Most of us can easily describe evil acts that are a direct rebellion against God’s written laws. God’s recorded laws, the Ten Commandments, and other laws elsewhere in the Old Testament in most cases give clear moral directives. As Christians, we understand that doing evil, or sin, is choosing not to obey God’s moral code. On the other hand, we are often unable to see how acts that may not be seen as evil in and of themselves, are by definition evil because of their effects on the victim.
In his book, People of the Lie, author M. Scott Peck recounts various experiences of “garden variety” evil or the everyday evil (or sin) that is active in each of us. In one incident, he was meeting with parents who were concerned about the behavior of their son. Their older son had recently committed suicide by using one of his father’s hunting rifles. For the first few months after the suicide, the younger son had been grief-stricken but otherwise coped fairly well. Then, shortly after his birthday, his behavior became erratic and rebellious.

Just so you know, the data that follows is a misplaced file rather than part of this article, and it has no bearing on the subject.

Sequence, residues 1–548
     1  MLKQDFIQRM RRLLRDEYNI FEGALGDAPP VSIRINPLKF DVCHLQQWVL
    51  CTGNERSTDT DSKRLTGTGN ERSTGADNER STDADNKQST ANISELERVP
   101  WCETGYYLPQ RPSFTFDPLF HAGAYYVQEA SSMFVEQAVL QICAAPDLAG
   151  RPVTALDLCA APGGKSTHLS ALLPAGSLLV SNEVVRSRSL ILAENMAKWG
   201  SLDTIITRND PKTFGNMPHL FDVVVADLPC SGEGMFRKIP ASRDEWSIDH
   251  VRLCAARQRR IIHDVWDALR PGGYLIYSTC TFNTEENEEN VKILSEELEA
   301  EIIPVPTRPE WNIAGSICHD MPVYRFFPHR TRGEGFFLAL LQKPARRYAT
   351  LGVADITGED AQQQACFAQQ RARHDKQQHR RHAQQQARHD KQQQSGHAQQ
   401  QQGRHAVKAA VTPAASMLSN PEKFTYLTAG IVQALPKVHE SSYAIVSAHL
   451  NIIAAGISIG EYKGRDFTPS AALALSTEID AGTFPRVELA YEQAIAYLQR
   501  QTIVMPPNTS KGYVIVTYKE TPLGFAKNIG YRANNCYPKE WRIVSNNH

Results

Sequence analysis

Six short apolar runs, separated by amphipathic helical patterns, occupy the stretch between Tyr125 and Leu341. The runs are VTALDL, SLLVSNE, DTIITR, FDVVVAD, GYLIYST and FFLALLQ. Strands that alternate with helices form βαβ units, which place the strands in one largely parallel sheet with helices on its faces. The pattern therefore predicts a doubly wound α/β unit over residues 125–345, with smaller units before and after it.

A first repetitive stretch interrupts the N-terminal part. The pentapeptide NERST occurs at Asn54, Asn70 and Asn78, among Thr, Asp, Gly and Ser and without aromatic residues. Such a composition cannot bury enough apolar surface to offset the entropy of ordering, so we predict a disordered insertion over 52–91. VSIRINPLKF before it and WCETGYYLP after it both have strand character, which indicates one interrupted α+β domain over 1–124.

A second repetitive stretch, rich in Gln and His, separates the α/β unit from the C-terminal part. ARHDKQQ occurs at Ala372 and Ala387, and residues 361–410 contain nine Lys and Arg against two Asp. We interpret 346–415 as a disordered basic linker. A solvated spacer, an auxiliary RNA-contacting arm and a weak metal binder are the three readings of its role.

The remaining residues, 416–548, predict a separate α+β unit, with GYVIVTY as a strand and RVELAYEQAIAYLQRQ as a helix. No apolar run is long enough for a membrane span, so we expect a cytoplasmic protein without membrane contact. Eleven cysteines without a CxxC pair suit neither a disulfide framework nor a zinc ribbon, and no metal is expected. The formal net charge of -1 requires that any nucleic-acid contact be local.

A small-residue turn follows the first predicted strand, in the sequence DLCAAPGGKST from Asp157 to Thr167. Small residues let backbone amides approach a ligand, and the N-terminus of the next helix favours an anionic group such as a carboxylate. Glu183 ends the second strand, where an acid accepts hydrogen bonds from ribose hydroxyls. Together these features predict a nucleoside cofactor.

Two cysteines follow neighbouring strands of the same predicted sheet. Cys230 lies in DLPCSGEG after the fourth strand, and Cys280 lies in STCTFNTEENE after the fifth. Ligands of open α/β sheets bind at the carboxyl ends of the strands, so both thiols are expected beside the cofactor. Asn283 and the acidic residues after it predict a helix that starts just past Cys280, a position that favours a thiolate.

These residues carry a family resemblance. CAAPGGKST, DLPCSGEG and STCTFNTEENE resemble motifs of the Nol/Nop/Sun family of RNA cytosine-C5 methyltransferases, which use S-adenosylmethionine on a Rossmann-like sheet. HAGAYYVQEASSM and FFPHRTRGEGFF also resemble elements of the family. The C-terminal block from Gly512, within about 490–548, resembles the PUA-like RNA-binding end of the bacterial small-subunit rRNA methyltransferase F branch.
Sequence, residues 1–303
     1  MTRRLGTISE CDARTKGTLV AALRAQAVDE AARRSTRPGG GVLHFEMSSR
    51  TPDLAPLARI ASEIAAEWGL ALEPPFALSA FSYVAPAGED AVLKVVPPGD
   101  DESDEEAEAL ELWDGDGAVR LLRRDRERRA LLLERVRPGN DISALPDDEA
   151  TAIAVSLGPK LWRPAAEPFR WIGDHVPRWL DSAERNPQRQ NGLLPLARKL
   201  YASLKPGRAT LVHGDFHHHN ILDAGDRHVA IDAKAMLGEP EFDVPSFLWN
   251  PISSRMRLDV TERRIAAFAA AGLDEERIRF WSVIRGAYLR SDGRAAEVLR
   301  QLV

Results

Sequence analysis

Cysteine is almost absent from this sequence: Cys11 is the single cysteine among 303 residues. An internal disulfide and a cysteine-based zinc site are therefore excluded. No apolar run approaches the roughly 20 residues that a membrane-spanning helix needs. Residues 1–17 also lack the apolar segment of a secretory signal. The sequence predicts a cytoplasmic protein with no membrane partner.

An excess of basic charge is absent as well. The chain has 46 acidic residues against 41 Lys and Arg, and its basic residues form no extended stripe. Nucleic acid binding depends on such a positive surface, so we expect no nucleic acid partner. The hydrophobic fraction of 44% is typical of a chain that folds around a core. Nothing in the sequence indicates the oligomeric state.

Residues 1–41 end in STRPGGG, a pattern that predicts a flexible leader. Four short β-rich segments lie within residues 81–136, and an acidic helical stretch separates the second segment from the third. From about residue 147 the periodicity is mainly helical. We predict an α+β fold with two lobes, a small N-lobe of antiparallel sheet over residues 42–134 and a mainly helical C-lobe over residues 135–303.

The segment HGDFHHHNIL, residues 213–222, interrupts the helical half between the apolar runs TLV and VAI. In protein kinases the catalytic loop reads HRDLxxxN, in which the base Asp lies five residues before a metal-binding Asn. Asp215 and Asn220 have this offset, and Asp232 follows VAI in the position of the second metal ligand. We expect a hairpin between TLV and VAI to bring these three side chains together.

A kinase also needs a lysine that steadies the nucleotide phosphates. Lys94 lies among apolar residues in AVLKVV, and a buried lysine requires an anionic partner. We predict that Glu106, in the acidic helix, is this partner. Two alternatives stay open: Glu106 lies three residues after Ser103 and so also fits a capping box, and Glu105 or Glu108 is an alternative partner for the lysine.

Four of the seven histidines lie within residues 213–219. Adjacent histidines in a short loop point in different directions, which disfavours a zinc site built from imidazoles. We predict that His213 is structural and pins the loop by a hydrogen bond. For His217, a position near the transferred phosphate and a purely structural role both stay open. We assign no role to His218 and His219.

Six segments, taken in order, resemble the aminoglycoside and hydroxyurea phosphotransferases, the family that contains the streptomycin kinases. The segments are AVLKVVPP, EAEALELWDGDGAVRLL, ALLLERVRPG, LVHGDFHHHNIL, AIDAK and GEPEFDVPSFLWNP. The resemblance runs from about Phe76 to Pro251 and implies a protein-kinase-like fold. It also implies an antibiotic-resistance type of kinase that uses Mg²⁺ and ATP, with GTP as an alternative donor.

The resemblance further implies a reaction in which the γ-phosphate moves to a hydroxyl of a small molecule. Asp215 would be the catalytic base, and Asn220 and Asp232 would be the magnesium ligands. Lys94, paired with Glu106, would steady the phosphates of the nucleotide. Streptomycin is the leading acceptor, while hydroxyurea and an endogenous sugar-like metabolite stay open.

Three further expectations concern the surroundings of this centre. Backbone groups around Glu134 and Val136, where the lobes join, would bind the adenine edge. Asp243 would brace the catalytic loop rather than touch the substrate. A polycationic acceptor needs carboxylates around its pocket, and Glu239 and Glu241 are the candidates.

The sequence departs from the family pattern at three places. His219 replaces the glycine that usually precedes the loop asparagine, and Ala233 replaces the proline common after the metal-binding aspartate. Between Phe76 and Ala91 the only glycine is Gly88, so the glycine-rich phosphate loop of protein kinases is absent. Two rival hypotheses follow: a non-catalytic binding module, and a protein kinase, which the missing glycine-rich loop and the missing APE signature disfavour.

When Peck met with the son, he discovered that for the son’s birthday the parents had given him a hunting rifle. It wasn’t just any rifle; it was the same rifle his brother had used to kill himself. The son interpreted this to mean that his parents wanted him to end his life too. Upon questioning the parents, they informed Peck that they had given him the rifle as a gift because they were short of cash. They had no understanding of how this was interpreted by their younger son. Some would say this was merely bad judgment on the parent’s part. The truth is that it was an act of cold, albeit ignorant, evil. But then, many evil acts are not perceived as evil by the perpetrator.